I understand that by means of this liaison a channel for direct personal communication between the Inspector General's department and the General Accounting Office will be established for the purpose of exchanging timely information regarding deficiencies or suspicions thereof found to exist with civilian contractors, or other agencies concerned with the procureinent programs of the Department of the Army, or with other phases of Army activities.

It is my suggestion that these officers work out jointly whatever relationships may be found necessary with respect to the extension of liaison to the field offices of the General Accounting Office and the continental Army commanders with a view to accomplishing these same objectives. It is hoped that these liaison activities can be maintained in as informal a manner as possible consistent with the proper conduct of the respective responsibilities of the Depart. ment of the Army and this Office with a view to greater effectiveness in the dayto-day conduct of assigned duties. This is not, however, to limit the normal activities of the Department of the Army or this Office where official responsibilities may be concerned.

I wish to express my gratification in the cooperative attitude displayed in your letter and you may be assured that the representatives of the General Accounting Office will carry out their liaison functions in this same coopera tire spirit. Sincerely yours,

LINDSAY C. WARREN, Comptroller General of the United States.

APPENDIX C

DEPARTMENT OF THE ARMY,
OFFICE OF THE ADJUTANT GENERAL,

Washington, D. C., Setember 11, 1957.
Subject: General Accounting Office expanded audit program.
To: See distribution.

1. The enclosed memorandum, with its attachment, sets forth the policy with respect to granting representatives of the General Accounting Office, upon request, access to (a) internal audit reports and related working papers and (b) records and data pertaining to installations or activities of the Department of the Army. 2. Permanent directive will be issued at a subsequent date. By Order of Wilber M. Brucker, Secretary of the Army:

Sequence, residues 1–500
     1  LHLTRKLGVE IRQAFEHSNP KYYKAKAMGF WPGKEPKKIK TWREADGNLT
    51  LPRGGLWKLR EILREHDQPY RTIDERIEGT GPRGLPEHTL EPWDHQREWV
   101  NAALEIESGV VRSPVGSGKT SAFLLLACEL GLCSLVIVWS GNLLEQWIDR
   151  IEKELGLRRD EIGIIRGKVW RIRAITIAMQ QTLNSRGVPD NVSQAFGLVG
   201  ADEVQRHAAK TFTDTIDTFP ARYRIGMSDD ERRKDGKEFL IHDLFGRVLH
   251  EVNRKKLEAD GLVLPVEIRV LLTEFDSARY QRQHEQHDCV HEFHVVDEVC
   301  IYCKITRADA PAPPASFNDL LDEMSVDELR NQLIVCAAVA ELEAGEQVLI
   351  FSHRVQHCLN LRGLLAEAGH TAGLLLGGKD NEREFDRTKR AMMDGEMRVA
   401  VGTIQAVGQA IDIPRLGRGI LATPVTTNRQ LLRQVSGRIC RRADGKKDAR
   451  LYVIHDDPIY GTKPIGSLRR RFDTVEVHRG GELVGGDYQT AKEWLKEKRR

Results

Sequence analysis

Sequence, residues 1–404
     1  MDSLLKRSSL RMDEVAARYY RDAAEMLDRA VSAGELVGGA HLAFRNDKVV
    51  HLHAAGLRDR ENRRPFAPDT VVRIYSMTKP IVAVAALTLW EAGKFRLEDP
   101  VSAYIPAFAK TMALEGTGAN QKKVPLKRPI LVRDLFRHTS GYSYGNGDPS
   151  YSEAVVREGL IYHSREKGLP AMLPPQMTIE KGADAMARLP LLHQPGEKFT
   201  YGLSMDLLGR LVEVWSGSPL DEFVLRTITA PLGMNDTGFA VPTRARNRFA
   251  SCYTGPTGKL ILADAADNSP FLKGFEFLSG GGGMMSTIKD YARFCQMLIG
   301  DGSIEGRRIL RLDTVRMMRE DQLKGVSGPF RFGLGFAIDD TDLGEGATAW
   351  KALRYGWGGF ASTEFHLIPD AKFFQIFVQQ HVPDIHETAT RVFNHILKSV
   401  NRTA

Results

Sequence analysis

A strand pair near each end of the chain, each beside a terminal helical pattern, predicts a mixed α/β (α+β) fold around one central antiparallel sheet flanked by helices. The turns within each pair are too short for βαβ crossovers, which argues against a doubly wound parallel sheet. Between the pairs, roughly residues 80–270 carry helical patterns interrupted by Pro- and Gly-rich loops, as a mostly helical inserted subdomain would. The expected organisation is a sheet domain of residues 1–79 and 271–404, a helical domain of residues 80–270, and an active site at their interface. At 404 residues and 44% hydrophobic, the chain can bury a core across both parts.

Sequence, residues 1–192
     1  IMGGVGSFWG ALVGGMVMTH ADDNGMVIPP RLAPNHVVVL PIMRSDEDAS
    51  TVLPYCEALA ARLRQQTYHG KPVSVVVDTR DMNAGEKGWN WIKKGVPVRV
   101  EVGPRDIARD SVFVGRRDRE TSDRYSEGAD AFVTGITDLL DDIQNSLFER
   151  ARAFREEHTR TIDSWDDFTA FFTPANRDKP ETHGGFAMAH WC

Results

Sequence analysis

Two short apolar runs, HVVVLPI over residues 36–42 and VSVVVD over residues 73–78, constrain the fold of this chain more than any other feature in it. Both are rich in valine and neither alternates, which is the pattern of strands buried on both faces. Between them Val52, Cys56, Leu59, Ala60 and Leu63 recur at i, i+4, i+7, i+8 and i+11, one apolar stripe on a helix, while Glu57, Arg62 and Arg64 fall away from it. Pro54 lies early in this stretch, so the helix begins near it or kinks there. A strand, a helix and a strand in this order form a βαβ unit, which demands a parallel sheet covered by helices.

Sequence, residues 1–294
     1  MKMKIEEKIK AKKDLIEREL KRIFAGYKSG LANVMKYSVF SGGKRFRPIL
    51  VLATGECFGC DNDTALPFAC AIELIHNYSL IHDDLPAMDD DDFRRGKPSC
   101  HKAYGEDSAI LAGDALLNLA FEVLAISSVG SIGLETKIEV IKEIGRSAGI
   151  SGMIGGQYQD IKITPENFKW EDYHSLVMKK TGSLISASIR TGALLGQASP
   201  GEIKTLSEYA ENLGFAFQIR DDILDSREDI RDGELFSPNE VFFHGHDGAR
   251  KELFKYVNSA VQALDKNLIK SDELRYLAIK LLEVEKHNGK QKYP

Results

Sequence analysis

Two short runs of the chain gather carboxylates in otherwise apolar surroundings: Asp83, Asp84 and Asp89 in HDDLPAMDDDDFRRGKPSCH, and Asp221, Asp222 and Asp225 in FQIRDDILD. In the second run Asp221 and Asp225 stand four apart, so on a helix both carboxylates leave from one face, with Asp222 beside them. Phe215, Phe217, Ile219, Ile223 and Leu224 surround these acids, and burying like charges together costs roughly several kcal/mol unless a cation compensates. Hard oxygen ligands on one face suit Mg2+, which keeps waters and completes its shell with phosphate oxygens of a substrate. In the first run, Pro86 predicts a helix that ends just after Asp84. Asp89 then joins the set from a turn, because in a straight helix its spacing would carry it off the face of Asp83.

HERBERT M. JONES,
Major General, USA,

The Adjutant General. Distribution:

Office, Secretary of the Army.
Chief of Staff, U. S. Army.
The Inspector General.
Deputy Chief of Staff for Personnel.
Deputy Chief of Staff for Logistics.
Comptroller of the Army.
Chief of Finance.
Chief of Information.
Chief, National Guard Bureau.
The Adjutant General.
The Provost Marshal General.
Chief of Chaplains.
Heads of Technical Staff.
Commanders in Chief :

U. S. European Command, U. S. Army Element.
U. S. Army, Europe.

U. S. Army, Pacific.
Commanding Generals :

U. S. Army, Alaska.
U. S. Army, Caribbean.
U. S. Army, Japan, and United Nations Command and Eighth Army

(Rear).
U. S. Army Forces, Antilles and Military District of Puerto Rico.
U. S. Army, Ryukyu Islands/IX Corps.
U. S. Army, Southern European Task Force.
U. S. Army Air Defense Command.
U.S. Continental Army Command.
Zone of Interior Armies.
Military District of Washington, l'. S. Army.

Army Logistics Management Center.
Superintendent, U. S. Military Academy.
Chiefs :

U.S. Army Security Agency.
Armed Forces Special Weapons Project.

U. S. Army Audit Agency.
Commandants :

WAC School.
Command and General Staff College.
Command Management School.
Army War College.
The Adjutant General's School, U. S. Army.
Armor School.
U.S. Army Artillery and Missile School.
U.S. Army Air Defense School.
U. S. Army Chaplain School.
U. S. Army Chemical Corps School.
The Engineer School.
Judge Advocate General's School.

Commandants—Continued

Army Medical Service School.
Ordnance School.
The Provost Marshal General's School, U'. S. Army.
U. S. Army Quartermaster School.
Signal School.
Transportation School.
Finance School, U. S. Army.
The Infantry School.

APPENDIX D

Chronology of correspondence relating to GAO's acce88 to Department of the

Army records

Date

To

From

Purpose

Feb. 11, 1952 Comptroller General. Secretary of the Army. Proposed establishment of liaison

between Inspector General and GAO to“* ** maintain a channel of direct personal communication between the two agencies for the purpose of exchanging timely infor

mation Feb. 27, 1952 Secretary of the Army... Comptroller General... Acknowledgment of letter of Feb. 11

and designating GAO liaison offi

cers. Oct. 9, 1956 do.

do..

Advising of our proposed audit of the

Ordnance Tank-Automotive Command and requesting all official documents be made available to

GAO. Dec. 19, 1956 Comptroller General.. Secretary of the Army Acknowledgment of our letter of Oct.

9 and advising that Army should not be asked to make available internal audit reports and advising that all requests for such should be

directed to his Office. Feb. 7, 1957 Secretary of the Army... Comptroller General... Advising that certain arrangements

proposed by Army are unsatis

factory to GAO. Feb. 8. 1957 Secretary of Defense

do.

Transmitting copy of letter of Feb. 7

to Secretary of Army and requesting consideration of our views and the need to establish a more clearly defined policy in the Department

of Defense. Feb. 28, 1957 Comptroller General..--- Secretary of the Army.. Acknowledgment of our letter of Feb.